Writing Disorders #1
I have writer’s block. Since I won’t have to write anything down anymore, not even a grocery list, I’m expecting to be happier now, with more free time.
I’ll watch television without critiquing the dialogue or plots. I can read a book without thinking about flow or sentence structure. I’ll talk to friends and relatives without getting ideas for a new character or dialogue.
My writer’s block came in the middle of typing: “Penelope ran into the dark bedroom, fumbled for the light switch and….” my mind went blank. My fingers hovered over the keyboard. The cursor flashed on, off, on, off. I sat there for ten minutes, with Penelope still fumbling for the light switch, before I got up from the desk without looking back.
I hope I will eventually cease to mourn the loss of my writer friends. I expect they’ll keep their distance considering the circumstances. Writer’s block is highly contagious.
I’ve had other, less severe writing disorders like writer’s distraction, writer’s word block, writer’s avoidance and writer’s interruptus. None of these are as devastating as a total block but they do interfere with the writing process.
During a typical onslaught of writer’s distraction, I’d be delving into the story, playing with the prose, inserting symbolism and whatnot, and an hour later find myself wandering around Walmart or watching a rerun of Gilligan’s Island with no memory of having left the desk. I tried once to solve this problem by tying myself to it. When my husband noticed he suggested I try that with the stove instead. He got away before I got the knot undone, but I’ll get him next time.
Writer’s word block was frustrating, but usually overcome within minutes. If not, I’d call a friend, my mother, or even my husband and ask, “What’s that thing called that flies in the sky, has an engine, and a pilot? It’s an airplane you say? Thanks.” I’ve learned not to call up people who don’t write. They just start spreading rumors about a mental problem, which can be quite difficult to dispute. I mean, dispel.
Writer's Avoidance / Interruptus
I definitely won’t miss writer’s avoidance. This obstruction to the writing process is characterized by nagging suspicions that one should be mopping the floor, making bread from scratch or developing an antidote to the common cold instead of playing with words.
However, if there was an unexpected need for a chore to be done, such as mopping the floor because the dog just vomited on it - that is technically writer’s interruptus. My life, when I wrote, consisted mainly of interruptions. Now a productive train of thought won’t be interrupted if I hear things like “Mommy, what’s for dinner?” “Honey, do I have any clean underwear?” or “We have to talk about your job performance.” I used to integrate these real life scenarios into my stories, living these interruptions to their fullest. Now I’ll have to interact without any purpose.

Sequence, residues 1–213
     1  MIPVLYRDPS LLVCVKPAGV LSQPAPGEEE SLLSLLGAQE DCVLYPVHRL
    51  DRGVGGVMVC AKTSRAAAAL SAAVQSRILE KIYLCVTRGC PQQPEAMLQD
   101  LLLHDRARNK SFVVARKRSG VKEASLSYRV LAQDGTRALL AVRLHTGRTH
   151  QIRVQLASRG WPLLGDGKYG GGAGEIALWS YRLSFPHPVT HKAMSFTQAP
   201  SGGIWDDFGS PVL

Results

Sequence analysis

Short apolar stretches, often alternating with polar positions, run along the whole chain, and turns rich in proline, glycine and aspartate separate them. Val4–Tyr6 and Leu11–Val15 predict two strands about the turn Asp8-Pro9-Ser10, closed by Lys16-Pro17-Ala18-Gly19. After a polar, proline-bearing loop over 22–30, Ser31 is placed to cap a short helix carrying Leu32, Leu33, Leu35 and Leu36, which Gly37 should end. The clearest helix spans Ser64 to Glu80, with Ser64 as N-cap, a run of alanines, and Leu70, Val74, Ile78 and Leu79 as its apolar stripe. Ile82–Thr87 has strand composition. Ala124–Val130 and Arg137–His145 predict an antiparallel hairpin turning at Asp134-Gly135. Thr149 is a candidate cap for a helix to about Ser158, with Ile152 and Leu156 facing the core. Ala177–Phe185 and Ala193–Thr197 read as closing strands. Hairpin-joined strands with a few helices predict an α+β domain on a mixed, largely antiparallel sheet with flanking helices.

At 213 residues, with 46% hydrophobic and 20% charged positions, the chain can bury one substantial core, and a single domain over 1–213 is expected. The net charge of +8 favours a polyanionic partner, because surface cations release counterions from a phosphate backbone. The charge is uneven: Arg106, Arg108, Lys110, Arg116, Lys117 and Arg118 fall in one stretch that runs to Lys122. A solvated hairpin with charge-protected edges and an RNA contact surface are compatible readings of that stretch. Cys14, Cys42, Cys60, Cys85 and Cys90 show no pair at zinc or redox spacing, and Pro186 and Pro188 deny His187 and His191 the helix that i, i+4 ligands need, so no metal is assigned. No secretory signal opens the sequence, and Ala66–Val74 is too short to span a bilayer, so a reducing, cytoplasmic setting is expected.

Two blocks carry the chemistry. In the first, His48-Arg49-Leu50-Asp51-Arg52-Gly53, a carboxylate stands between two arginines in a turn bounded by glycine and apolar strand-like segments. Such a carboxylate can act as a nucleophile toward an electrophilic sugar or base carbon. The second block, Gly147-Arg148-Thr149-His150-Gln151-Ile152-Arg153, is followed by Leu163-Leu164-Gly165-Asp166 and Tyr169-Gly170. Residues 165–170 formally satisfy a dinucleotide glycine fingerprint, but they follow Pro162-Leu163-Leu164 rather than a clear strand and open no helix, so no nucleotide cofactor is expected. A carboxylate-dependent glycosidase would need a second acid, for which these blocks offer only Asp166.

I consider turning to alcohol to cure my writer’s block, never mind that it’s not even noon, but my refrigerator yields only two cans of Budweiser and a bottle of cooking sherry. Since I’m a wine drinker and the cooking sherry has congealed into a putrid clump of slime, I remain sober.
Coffee worked in the past, but I recently cut my caffeine consumption. I handled the intestinal difficulties caused by excessive caffeine quite well, but the nervous twitches and eye tics scared small children. I now drink herbal tea, which is calming, but not necessarily inspirational.
The garden is the only solution left. I realize I haven’t weeded the garden in weeks because Penelope had demanded a lot of attention. Selfish girl. No wonder I had to leave her in midsentence like that. It was no less than she deserved.
I put on my gardening gloves and pick up a trowel. Ah! This is the life. Growing my vegetables, participles wouldn’t dangle. Never again, will I, ever, have to worry, about, commas, running amok, among my, sentences. I won’t have to ponder the nature of the gerund, which is alarmingly similar to a psychological disorder.
“I’m tired of fumbling for that switch. Just let me turn it on, will you?” Penelope suggests in my head. She sounds annoyed.
That might work! I toss down the -uh, digging utensil, tear off my gloves and hurry back to the computer. The cursor is still flashing on, off, on, off. I type, “…turned it on.”
Cured! My writing disorder is cleared up! At least, until the next sentence. Then Penelope just stands there in the bedroom. The cursor flashes on, off, on, off. I sigh and head back to the garden.
Suggestions for the Writer
Be Different -- Write in different places, at different times, and with different writing instruments.
Freewrite - Choose one sentence in a paragraph and write a paragraph about it. Then choose one sentence from that paragraph and do it again.
Cluster - Choose key words and ideas; then write associated ideas and words in clusters around them. This process often forms new ideas.
Be flexible -- Be willing to throw out sections of text that are causing problems or just don't work.
Follow a routine -- Follow a routine to get into the writing mood. Try activities like wearing comfortable clothing, using a certain pen, or listening to a particular CD or type of music.
Move -- Physically move around, stretch, or walk.
Take a break -- Get a snack or drink, talk to someone, or just relax for five minutes before starting to write again.
Concentrate Focus on a different section or aspect of your paper. This sometimes leads to new insights in problem areas, while allowing you to get work done on another section.
Re-read -- Read a print draft of the paper and jot down ideas while reading.
Relax! -- The more you worry, the harder it gets to think clearly.
From St. Cloud State LEO
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